I had a fight with the newspaper on the train as I went to work last week. It was the Good Living section of the Sydney Morning Herald. We’re usually pretty good pals. Dog-eared from being stashed in my handbag for days and badly refolded after my last fleeting perusal, the weekly lift-out refused to fold neatly as I attempted to catch up on the latest culinary news.
It was raining outside. I was juggling a bag, a brolly and a newspaper with a bad attitude. It was a proper girlie fisty-cuffs: a lot of flapping and slapping and then some pages fell to the floor. I wrestled with it and dropped some more. As I shoved the paper in my bag, our friendship in tatters, my iPad – compact, neatly stowed, and well behaved – caught my eye.
The iPad is slowly winning my culinary heart. At the recent Tasting Australia festival in South Australia I listened to an expert panel, including the Guardian’s food editor Matthew Fort, discuss cookbooks – how to get published, to be precise. As they made their case to the audience about the importance of buying books – paper ones, that is – I purchased and downloaded a copy of Matthew Fort’s Eating up Italy: Voyages on a Vespa to my iPad. In my defense, his books had just sold out in the Dymocks tent.
Fort is a wordsmith, so reading his work on an electronic reader has its benefits. You just highlight obscure words – and he uses them profusely – and they’re instantly defined. He also drops many Italian culinary references, which can be highlighted and immediately searched on the web and Wikipedia.
But it’s the Australian Gourmet Traveller iPad edition that has really stoked my appetite for digital food media. The magazine and I have had an on-again, off-again relationship for years. I’ll take out a subscription for a while, we’d have a trial separation as I courted other publications, and then we’d be inseparable again.
I’m currently somewhat besotted with the electronic version. June’s “great British issue” has a photograph of a rather handsome pork pie on the cover, which looks good enough to eat as it is. But in a stroke of interactive genius, a hand then comes in and takes a slice. Nice work!
Also in the current issue is an article about Australian chef Brett Graham. When the reader scrolls down to a series of Graham’s recipes, including one for pumpkin soup with ginger milk, the accompanying photograph automatically scrolls the right revealing elements of the wider shot. It’s another cheeky moment that the iPad edition pulls off well.
An advertisement in another issue shows several cross buns, one of which is sliced in half. A knife comes into view and swipes one half with butter, which melts before the reader’s eyes. It’s another nice touch.
Talented photographers have long been bringing food to life before our eyes. But the interactivity that digital media enables adds a whole new dimension to the cookery book/magazine genre. However, I confess I’ve become a bit of an interactive ad slag; hovering in front of photographs and advertisements waiting for them to come to life, and feeling somewhat hard done by if they don’t.
There are many clever features in the iPad edition of the magazine. You can add events straight to your calendar, email recipes, and tap a map icon next to a restaurant review to have Google Maps pinpoint its exact location. Videos give step-by-step instructions of how to make some dishes. And when you scroll down the page reading a story an icon lets you know the article has ended, which means you can stop scrolling and avoid follow-on ads, though i’m not sure what the advertisers will make of that.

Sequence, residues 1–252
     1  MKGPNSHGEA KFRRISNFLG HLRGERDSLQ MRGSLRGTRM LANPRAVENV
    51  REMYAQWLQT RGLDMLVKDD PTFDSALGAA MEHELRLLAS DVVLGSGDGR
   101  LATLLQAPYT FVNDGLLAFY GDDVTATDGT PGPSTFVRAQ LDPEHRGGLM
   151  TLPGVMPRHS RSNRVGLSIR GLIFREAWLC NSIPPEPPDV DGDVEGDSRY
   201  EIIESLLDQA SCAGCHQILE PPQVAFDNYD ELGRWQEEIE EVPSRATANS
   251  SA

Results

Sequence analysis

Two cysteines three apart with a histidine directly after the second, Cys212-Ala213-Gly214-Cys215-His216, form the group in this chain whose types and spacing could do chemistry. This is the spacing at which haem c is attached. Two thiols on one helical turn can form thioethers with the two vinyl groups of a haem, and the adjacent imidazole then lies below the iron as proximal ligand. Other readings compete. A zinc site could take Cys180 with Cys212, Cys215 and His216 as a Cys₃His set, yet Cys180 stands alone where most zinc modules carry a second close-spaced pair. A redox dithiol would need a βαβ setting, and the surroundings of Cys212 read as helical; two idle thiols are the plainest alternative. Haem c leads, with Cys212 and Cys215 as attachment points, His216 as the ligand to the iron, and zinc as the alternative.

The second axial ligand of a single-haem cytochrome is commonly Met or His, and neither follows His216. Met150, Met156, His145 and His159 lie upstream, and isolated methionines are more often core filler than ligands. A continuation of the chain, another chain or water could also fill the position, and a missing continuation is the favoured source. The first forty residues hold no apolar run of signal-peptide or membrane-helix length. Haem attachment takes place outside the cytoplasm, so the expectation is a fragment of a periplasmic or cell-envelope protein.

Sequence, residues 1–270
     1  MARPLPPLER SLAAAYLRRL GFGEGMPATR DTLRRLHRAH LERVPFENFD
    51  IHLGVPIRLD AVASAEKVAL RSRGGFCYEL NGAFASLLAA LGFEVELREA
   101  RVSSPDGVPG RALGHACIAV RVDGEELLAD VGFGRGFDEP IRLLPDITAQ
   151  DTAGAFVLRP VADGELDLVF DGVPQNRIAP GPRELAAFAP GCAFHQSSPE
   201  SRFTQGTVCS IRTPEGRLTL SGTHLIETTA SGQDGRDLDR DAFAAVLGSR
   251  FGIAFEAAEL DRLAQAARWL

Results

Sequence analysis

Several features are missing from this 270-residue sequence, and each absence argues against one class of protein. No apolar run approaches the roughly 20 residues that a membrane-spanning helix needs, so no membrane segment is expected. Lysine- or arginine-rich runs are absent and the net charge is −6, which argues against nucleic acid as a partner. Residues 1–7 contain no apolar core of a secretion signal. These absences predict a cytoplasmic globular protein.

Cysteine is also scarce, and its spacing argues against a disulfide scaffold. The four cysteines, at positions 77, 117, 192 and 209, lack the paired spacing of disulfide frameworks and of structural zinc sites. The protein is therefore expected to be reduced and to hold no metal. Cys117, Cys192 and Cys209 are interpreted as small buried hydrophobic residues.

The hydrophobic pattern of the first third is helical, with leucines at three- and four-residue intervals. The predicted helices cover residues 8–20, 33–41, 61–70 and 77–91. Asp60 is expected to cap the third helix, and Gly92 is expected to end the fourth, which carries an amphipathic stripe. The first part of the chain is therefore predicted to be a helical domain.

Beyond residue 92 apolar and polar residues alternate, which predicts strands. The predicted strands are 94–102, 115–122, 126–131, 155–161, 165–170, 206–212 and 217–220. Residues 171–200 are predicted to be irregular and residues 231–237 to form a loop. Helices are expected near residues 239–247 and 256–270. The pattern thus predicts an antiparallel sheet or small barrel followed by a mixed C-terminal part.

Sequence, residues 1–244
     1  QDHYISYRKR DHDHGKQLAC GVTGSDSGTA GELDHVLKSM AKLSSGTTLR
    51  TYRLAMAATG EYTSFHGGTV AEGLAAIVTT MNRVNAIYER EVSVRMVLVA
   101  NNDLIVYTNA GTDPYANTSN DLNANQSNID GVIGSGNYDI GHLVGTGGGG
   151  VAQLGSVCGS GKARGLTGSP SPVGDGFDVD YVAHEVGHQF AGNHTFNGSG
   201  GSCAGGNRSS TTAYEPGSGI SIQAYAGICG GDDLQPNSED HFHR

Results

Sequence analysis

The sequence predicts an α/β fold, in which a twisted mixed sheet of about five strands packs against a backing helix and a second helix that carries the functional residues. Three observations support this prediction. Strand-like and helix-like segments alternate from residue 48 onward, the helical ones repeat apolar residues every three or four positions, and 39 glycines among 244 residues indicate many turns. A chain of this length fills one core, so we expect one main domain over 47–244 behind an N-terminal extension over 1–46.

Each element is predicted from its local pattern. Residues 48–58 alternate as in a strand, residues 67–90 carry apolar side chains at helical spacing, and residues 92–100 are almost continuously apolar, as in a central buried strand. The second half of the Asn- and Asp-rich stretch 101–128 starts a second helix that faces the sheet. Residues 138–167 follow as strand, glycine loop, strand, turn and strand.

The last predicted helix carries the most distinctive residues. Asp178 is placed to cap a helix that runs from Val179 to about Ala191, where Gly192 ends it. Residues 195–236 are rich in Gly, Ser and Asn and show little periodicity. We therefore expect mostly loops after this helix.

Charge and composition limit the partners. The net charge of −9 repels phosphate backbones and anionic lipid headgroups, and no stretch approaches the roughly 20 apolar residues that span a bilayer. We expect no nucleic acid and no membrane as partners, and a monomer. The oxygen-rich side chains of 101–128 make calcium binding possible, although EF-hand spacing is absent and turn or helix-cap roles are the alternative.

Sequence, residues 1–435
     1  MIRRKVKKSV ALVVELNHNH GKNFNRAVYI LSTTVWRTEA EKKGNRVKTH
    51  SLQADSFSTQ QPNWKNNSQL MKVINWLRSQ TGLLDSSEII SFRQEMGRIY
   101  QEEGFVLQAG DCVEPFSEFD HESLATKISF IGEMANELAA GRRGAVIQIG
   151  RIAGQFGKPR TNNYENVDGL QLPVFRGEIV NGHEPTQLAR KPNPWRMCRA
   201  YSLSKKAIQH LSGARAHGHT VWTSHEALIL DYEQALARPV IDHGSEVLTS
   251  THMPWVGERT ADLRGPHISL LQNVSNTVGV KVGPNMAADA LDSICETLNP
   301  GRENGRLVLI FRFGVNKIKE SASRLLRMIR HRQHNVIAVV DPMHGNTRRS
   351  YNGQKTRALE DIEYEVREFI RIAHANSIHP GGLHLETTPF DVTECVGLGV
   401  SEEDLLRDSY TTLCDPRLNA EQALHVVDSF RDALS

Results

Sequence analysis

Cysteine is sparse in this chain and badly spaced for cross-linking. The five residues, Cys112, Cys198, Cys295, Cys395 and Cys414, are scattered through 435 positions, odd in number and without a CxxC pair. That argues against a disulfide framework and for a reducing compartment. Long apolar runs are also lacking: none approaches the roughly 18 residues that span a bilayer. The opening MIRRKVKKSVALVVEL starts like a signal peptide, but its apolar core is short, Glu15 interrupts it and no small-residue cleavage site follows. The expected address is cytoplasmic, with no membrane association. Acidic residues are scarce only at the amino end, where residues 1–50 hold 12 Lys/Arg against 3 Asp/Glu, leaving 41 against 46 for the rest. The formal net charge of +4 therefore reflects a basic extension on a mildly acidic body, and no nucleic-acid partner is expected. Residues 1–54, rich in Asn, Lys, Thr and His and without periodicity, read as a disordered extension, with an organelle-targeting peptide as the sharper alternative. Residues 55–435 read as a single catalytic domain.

Naturally you can tap the screen and be directed straight to the Gourmet Traveller website for more recipes or information on a particular theme. And you can bookmark pages, so you can pick up where you left off.
You can easily toggle between apps and tasks on your iPad. If you hear an email arrive, just flick out of Gourmet Traveller to check your inbox. Or if you want to compare similar recipes online, just click on the web browser and cruise other recipe sites. It’s far more convenient than swapping between magazine and computer, and makes for one, big couch potato session.
Now, if ingredients in recipes could be added to an integrated shopping list that would be really nifty.
One gripe that I have with the digital version is that you don’t know how far you have progressed into the issue (and if you’re a bit of a control freak like me, you won’t like the feeling of flying blind). With the hard copy at least you can see if you’re halfway through, for example, or nearing the end. With the iPad edition I feel lost in a world of digital oblivion, often swiping across the screen when I should be scrolling down, and vice versa.
Some recipes have the ingredients and method on different pages, which can be inconvenient if you’re in the midst of an icky-sticky finger moment.
But my biggest gripe of all is that if you choose to subscribe for one month only, the subscription automatically renews when that month is over (read the fine print) unless you manually cancel it in the iTunes store. It’s inconvenient, and frankly somewhat sneaky and greedy of the ACP Magazine subscription team. I mean, if you choose to subscribe for a month, isn’t that specific enough?
However, the flaws are few and insufficient for me to dump my newfound digital friend. While i love cookbooks i simply don’t have room for any more, and I suspect it’s just a matter of time before my penchant for hard copy tomes takes a similar digital detour.
So, how do you get your food media fix? Do you prefer a hard copy or digital edition? And what would it take to make the digital switch?